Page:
Last revised: 06 Mar 2014
(25 Dec 1730 – 26 Apr 1834)
Edward Pedigo, often referred to as “Grand-Sire Ned” by his family, was the son of Henry Peregoy, Sr. of Baltimore County, Maryland by his first wife, Amy Green. His grandfather was Joseph Peregois (1665-1720), who immigrated to Maryland from France in 1685. According to family tradition, Edward and his older brother, Robert, ran away from home while still in their teens to escape the oppressions of a tyrannical step-mother. The two boys changed the spelling of their name to Pedigo and settled in the York River Valley of Virginia. Later they moved to the wilderness region of the Southern Piedmont, an area now encompassed by Patrick and Henry Counties. It was here that the brothers married the Elkin sisters; Edward to Hannah Elkins and Robert to Mary Elkins. Both families had sons named Joseph, Henry, Elijah and John, and both had daughters named Elizabeth and Amy.
In a letter dated 08 Nov 1904, George Edwin Pedigo (then 86 yrs. old) wrote from Randolph, Metcalfe County, Ky. as follows:
“In the year 1805 my grandfather, Joseph Pedigo, moved from Virginia to Kentucky and settled down near Pleasant Hill. The house is on the land he bought (250 acres in 1816) . Two or three years after this he went back to Virginia and moved Grand-Sire Ned to Kentucky and settled him on part of his land. Grand-Sire Ned lived there until the death of his wife, then went to his son Joseph’s and lived and died there. My mother having died, I was placed at my grandmother’s and grandfather’s (Joseph and Dolly Edwards Pedigo), and I waited on Grand-Sire Ned until he died. He was buried 2 and ½ miles north of Pleasant Hill Church. No graveyard here then.”
Edward Pedigo came to Kentucky with his oldest son, Joseph, who had moved there three years earlier. Joseph Pedigo married Dorothy Edwards in Virginia in 1783, and when the couple moved to Barren County, Kentucky in 1805, they were accompanied by several of Joseph’s siblings, including brothers Henry, Levi and Elkin. Joseph then returned to Patrick County, Virginia to get his parents and bring them to their new home. By then, Edward was an old man of about 73 years of age. He would eventually live to the ripe old age of 104, and he died on 26 Apr 1834, near Randolph, Kentucky (according to the Bible record of John Grogan Pedigo, a grandson of Edward and Hannah). The original homestead was located in Barren County near the village of Randolph but is now in Metcalfe County being formed from Barren in 1860. Edward and two of his sons (Joseph and Henry) are believed to be buried in what was the old Pedigo family graveyard located approximately 0.1 mile south of Randolph. The exact location of the cemetery can no longer be identified, the site having been leveled by bulldozer in recent years.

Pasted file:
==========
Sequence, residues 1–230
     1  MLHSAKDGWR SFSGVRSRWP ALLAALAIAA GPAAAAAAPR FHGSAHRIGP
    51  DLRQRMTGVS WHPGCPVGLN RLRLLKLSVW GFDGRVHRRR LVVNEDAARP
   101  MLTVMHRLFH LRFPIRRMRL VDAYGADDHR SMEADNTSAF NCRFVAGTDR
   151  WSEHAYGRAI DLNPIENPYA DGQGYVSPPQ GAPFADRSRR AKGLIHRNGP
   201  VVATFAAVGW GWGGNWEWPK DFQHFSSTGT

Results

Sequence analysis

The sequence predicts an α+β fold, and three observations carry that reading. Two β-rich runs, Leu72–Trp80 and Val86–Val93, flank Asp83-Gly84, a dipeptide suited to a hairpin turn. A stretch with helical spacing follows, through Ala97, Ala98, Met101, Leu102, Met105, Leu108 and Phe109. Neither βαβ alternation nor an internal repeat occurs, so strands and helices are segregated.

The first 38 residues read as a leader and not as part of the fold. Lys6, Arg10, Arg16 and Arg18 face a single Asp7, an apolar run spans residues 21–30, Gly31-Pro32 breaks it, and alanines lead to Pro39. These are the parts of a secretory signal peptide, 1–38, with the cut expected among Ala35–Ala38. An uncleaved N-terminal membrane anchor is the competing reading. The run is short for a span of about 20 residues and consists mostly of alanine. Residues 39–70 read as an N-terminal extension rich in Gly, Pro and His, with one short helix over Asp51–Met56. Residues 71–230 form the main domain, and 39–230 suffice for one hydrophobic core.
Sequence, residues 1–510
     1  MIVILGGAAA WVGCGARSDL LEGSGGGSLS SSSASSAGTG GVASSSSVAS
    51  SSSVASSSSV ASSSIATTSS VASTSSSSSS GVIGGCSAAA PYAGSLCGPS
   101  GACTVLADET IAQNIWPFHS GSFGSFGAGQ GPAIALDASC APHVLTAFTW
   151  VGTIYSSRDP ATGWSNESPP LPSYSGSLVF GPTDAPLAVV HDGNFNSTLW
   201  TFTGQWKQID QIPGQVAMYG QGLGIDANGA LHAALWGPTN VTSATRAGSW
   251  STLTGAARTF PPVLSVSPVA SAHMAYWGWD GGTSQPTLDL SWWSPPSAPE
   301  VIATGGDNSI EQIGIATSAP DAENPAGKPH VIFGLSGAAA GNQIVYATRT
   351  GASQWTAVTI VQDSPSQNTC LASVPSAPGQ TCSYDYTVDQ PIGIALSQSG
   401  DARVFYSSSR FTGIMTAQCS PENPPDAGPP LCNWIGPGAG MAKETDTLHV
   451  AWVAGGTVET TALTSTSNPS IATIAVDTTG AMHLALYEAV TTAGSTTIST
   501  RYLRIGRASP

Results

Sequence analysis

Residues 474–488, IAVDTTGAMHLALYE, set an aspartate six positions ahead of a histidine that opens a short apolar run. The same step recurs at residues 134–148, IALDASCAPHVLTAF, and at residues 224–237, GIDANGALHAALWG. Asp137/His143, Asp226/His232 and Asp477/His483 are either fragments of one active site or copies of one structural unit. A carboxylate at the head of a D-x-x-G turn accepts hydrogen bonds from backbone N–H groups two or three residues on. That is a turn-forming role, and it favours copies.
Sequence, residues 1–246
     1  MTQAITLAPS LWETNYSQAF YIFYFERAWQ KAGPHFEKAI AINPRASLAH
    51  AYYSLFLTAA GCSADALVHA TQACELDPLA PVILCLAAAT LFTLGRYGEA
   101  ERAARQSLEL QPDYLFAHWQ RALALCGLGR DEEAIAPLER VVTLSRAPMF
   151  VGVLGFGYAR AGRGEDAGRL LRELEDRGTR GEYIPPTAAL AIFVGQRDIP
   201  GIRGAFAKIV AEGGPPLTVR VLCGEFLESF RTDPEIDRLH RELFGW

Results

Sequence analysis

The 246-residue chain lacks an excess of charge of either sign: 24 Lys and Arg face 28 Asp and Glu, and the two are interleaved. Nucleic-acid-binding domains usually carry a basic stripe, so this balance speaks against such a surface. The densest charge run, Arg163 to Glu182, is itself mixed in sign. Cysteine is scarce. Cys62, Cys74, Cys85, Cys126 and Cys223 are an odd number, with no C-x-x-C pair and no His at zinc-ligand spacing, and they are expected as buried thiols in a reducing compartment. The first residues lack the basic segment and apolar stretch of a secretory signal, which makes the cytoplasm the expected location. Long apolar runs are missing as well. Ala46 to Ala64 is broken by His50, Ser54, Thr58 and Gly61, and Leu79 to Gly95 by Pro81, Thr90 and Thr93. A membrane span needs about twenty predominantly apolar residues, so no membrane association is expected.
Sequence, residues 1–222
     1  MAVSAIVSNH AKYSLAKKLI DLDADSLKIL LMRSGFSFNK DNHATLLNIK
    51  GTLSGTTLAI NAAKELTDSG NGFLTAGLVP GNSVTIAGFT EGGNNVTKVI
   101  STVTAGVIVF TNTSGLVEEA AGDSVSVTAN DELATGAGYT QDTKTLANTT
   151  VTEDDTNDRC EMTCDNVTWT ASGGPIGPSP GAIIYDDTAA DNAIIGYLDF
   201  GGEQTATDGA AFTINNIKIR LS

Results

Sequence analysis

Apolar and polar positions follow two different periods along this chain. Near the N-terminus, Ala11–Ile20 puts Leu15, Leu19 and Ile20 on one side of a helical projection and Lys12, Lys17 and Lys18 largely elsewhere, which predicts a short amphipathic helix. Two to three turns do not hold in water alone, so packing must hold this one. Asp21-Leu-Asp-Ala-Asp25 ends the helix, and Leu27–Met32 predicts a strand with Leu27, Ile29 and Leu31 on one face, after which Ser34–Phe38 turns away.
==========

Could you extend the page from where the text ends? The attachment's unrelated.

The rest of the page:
The present form of the name, Pedigo, was adopted by the Virginia and Kentucky branches of the family, but the Maryland family remains one of the older forms which is Peregoy. However, there are several recognized forms of the same name: Pedego, Perego, Peregory, Peregoe, Perigo, Pedigoy. These forms are taken from various documents, and in one old will there are five of these forms.
Edward Pedigo was an American Patriot and has a long and interesting record, not only in the Revolutionary War, but also in the French and Indian War. He served in the militia of Halifax County, Virginia, recorded in September 1758 as Edward Peregoy, for two periods prior to that date. He was with Washington at Fort Duquesne, the scene of General Braddock’s defeat, being one of the thirty Virginians who left the battlefield alive. When the colonies rebelled against England, Edward saw Revolutionary War service under the name of Edward “Pediford” (along with other variant spellings) and served in the capacity of private with the 3rd, 5th, 7th and 11th Virginia Regiments. After the war he received a land warrant by the Virginia State Land Office for three years service in the Continental Line.
He first enlisted in 13 Feb 1778, for one year and served in Capt. Charles Fleming’s Company, Seventh Virginia Foot, commanded by Col. Alexander McClenachan. As the Virginia Regiments were often combined and reorganized, Edward was soon in Capt. Henry Young’s Company of the 3rd and 7th Regiments, and later in the 5th and 11th Regiments. Certain of his muster rolls have much historic interest, showing him with Washington at Valley Forge, at Morristown, and with the troops aiding D’Estaining’s fleet at Savannah. He saw action at the Battle of Monmouth Courthouse on 28 Jun 1778. The muster roll for Dec. 1778 tells of his re-enlistment for the duration of the war. His last surviving muster roll is dated “Camp near Morristown, 09 Dec. 1779,” but this fails to show his later service, which are proved by his military land warrant of 12 Jan 1784, reciting three years of service. It is almost certain that Edward was with the rest of the enlisted men and officers of the Virginia Line when they were captured by British forces at the Siege of Charleston on 12 May 1780.
The fourteen children of Edward Pedigo were: Joseph, who married Dorothy Edwards; Levi, who married Polly Newland; Henry, who married Leah Cochran; Abel, who married Susannah Ross; Elizabeth, who married William Edwards; Bathsheba, who married Nathan Cochran; Elijah, who married Sally Hall; Lucy, who married Jesse Clark; Elkin; Hannah, who married John Reeves; John, who married Amy Neblett; Nancy, who married John Sneed; Amy, who married Benjamin Hardy and Kisiah, who married James Edwards.